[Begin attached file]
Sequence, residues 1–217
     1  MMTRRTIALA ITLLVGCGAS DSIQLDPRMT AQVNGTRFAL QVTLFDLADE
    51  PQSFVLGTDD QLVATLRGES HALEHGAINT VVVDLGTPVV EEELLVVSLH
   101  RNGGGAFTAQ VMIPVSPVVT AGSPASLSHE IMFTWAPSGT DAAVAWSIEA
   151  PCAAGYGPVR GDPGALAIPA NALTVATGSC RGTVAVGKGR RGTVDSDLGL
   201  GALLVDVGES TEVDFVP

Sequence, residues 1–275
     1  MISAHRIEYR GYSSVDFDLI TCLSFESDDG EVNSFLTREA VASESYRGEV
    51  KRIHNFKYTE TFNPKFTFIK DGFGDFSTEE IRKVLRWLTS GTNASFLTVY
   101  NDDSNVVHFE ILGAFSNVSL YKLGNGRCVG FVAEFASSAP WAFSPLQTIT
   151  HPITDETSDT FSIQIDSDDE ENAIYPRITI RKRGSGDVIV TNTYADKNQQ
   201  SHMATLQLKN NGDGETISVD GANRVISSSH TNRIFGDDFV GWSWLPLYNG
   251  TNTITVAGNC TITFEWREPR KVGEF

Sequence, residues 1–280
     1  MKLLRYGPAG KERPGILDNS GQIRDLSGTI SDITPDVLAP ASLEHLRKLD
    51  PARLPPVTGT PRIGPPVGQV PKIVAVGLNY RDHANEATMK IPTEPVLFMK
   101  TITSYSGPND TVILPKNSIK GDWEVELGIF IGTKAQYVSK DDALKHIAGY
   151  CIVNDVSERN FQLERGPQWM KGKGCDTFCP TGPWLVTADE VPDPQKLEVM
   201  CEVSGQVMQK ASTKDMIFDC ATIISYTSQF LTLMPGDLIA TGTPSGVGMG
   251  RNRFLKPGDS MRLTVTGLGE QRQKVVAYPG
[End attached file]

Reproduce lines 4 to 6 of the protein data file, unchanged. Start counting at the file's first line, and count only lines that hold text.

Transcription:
   101  RNGGGAFTAQ VMIPVSPVVT AGSPASLSHE IMFTWAPSGT DAAVAWSIEA
   151  PCAAGYGPVR GDPGALAIPA NALTVATGSC RGTVAVGKGR RGTVDSDLGL
   201  GALLVDVGES TEVDFVP